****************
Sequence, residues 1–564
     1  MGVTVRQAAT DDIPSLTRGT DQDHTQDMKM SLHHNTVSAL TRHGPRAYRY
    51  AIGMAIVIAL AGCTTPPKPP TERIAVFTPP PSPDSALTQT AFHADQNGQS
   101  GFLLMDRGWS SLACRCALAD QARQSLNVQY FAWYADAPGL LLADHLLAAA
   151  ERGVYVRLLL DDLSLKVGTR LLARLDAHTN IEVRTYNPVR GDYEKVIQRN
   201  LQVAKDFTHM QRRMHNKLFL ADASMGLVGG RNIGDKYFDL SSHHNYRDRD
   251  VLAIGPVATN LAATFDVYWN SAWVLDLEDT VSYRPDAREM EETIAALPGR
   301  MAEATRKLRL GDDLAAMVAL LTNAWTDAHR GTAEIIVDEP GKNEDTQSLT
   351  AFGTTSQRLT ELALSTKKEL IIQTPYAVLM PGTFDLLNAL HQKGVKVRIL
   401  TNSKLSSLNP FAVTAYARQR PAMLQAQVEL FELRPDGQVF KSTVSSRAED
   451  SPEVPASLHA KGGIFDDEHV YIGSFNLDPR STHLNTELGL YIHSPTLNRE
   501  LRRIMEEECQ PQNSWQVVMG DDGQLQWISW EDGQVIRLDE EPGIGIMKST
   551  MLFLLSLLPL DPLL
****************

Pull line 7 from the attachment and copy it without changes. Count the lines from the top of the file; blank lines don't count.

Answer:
   251  VLAIGPVATN LAATFDVYWN SAWVLDLEDT VSYRPDAREM EETIAALPGR